Home HP Reveals webOS 2.0, Arriving Friday on Palm Pre 2

HP Reveals webOS 2.0, Arriving Friday on Palm Pre 2

HP today has officially introduced webOS 2.0, the biggest update to what was formerly Palm’s mobile operating system, one of the assets gained by HP back in April when it acquired Palm, Inc for $1.2 billion. Now called HP webOS, the updated operating system will make its debut this Friday on the new Palm Pre 2 smartphone. The phone will be available first in France and then, in later months, in the U.S. and Canada on Verizon’s network.

What’s New, Pre 2?

In September, HP pushed a beta of the webOS SDK (software development kit) to developers, allowing them to experiment with all the new features of the updated operating system. These features included a multi-tasking user interface improvement called “stacks” (for stacking open screens like a deck of cards), the introduction of “Just Type” quick actions for common tasks like Facebook status updates, adding items to a list or starting an email, an improved Universal Search feature which extends phone-based searches to the Web, a screensaver-like “Exhibition” mode customizable through apps and various under-the-hood improvements including HTML5 support, PDK plugins and more.

Today’s reveal of webOS 2.0 doesn’t add much to the earlier list, but does make note of the fact that Adobe Flash Player 10.1 Beta will be supported, an important distinction between mobile operating systems today. Ever since Apple banned Flash from its mobile devices, competitors are quick to point out the inclusion of Flash as a feature they offer which the iPhone doesn’t.

Another notable feature, is the Synergy, the technology which merges Facebook, Google, Yahoo, LinkedIn and Exchange contacts into one universal contact list. Now that feature has been extended so third-party developers can actually build on top of Synergy, offering plugins for the OS’s built-in Messaging, Contacts and Calendar applications. A clever example of Synergy’s potential can be seen with Facebook’s webOS 2.0 app, which supports Facebook IM via Synergy in the Messaging application.

WebOS 2.0 also includes Quickoffice Connect Mobile Suite, which allows for Microsoft Word, Excel and PowerPoint viewing and integration with Google Docs and Dropbox. For office workers, that’s a nice value-add since normally Quickoffice is a paid application. IPsec and Cisco’s AnyConnect mobile optimized VPN along with support for Exchange email round out the corporate user-targeted features.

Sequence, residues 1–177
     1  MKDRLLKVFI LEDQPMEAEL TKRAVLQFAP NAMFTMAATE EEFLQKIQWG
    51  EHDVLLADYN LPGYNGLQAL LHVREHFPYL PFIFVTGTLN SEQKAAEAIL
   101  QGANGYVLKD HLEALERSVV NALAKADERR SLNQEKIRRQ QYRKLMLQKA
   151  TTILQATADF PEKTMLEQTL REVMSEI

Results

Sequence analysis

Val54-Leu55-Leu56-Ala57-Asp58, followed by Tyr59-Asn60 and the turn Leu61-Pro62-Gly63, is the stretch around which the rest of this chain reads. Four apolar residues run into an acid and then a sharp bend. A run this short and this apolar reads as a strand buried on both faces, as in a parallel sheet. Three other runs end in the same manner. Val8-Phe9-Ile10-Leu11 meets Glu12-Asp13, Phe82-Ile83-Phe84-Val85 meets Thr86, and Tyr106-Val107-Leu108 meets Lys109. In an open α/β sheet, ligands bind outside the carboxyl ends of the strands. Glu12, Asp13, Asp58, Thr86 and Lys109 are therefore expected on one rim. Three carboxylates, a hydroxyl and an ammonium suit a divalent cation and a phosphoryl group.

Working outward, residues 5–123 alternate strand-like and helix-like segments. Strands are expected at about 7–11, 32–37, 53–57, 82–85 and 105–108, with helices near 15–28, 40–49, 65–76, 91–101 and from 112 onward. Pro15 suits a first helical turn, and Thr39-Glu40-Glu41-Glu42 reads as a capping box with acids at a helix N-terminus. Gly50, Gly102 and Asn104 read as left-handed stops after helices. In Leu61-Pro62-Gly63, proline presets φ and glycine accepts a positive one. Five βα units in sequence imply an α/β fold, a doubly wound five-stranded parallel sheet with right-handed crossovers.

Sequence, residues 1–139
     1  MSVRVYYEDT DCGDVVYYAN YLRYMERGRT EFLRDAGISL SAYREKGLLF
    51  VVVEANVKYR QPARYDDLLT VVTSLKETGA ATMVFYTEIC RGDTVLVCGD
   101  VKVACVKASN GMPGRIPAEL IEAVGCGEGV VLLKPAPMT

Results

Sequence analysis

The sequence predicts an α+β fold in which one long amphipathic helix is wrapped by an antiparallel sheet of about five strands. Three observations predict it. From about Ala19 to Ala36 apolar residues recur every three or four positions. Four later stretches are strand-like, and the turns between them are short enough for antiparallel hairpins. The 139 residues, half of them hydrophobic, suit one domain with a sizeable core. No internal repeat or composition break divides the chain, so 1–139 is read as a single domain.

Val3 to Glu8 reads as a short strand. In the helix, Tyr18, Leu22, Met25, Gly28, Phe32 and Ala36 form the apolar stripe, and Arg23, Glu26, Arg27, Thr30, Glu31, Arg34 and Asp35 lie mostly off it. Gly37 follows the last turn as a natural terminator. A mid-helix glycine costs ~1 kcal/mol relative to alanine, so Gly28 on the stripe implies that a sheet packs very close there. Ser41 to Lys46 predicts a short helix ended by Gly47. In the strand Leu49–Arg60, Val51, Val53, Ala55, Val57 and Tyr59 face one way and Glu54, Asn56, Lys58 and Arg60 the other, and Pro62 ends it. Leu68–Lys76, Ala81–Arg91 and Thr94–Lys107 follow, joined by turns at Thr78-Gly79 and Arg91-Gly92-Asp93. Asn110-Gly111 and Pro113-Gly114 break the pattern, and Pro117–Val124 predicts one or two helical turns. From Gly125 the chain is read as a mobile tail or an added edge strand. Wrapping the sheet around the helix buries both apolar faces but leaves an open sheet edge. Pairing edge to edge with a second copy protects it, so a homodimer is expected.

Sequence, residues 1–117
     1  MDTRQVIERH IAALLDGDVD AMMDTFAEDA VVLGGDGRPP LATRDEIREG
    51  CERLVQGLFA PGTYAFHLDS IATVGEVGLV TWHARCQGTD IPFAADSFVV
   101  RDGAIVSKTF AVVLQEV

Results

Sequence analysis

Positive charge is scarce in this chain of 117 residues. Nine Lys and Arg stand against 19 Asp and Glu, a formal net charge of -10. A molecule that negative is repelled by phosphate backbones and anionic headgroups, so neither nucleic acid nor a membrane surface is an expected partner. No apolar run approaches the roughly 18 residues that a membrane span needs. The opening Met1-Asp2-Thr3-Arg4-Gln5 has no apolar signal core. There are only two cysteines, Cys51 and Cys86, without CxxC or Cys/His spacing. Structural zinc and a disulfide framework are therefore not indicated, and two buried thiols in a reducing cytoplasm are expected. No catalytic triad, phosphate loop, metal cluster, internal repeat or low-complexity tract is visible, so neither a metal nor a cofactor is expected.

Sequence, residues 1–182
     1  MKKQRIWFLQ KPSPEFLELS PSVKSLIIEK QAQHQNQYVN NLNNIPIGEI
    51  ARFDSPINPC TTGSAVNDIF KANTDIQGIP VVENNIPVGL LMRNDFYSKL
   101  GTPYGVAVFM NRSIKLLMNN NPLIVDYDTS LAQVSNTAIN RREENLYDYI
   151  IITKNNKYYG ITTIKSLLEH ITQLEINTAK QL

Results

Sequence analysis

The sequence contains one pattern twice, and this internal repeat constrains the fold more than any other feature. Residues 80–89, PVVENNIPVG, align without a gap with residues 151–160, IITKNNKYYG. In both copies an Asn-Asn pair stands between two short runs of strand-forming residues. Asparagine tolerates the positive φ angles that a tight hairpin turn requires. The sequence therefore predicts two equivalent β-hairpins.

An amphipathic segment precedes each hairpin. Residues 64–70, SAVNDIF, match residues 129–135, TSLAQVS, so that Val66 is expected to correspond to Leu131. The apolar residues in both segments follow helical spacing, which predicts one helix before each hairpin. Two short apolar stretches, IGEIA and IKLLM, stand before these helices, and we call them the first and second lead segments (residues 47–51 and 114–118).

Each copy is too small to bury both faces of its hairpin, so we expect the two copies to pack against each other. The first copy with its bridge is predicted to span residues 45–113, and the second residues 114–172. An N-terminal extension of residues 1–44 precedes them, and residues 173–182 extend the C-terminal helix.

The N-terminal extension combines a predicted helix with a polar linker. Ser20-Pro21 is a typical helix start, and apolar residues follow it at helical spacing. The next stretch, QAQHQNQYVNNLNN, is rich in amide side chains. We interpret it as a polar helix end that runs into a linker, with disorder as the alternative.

Oui, Oui – Pre 2 Launches in France

Oddly, HP has decided to launch the Pre 2 Friday in France from SFR. And it won’t become available to U.S. or Canadian users until months later. However, since it will arrive on Verizon Wireless when it reaches North America, Pre 2 users can take advantage of the Verizon/Skype partnership to make Skype-to-Skype calls using the new device. Developers will also be able to buy an unlocked UMTS version of Pre 2 in the U.S, notes HP.

And yes, original Pre owners, HP says that “some” of the new webOS 2.0 features will arrive as over-the-air software updates. Unfortunately, HP doesn’t specify which ones.

Can webOS Stage a Comeback?

There was never a question (in our minds, at least) that the original webOS was a good mobile operating system, and webOS 2.0 looks like a worthy update to its predecessor. But Palm Pre’s hardware wasn’t great, especially when compared with the top-of-the-line iPhone. Plus, Palm’s paltry App Catalog showed how few developers had spent time building native apps for the new OS. In February, for example, it included just 1,452 apps, according to analytics firm Distimo. As of late September, webOS reached the 5,000 app mark (note to Distimo: update your website). Considerable growth, but so far behind Apple’s App Store (now at 300,000 apps!), it seems like a drop in the bucket.

Still, times have changed since the first Palm Pre’s reveal. Consumers have found comfort in a number of iPhone alternatives, most notably Android, which sometimes even arrives on feature phone-grade hardware. Economic pressure also may influence buying decisions, too. If Pre 2 can get its pricing right (also unknown at this time), it may find a niche as an affordable alternative – prettier than Android, cheaper than iPhone. But that’s just a guess – what do you think?

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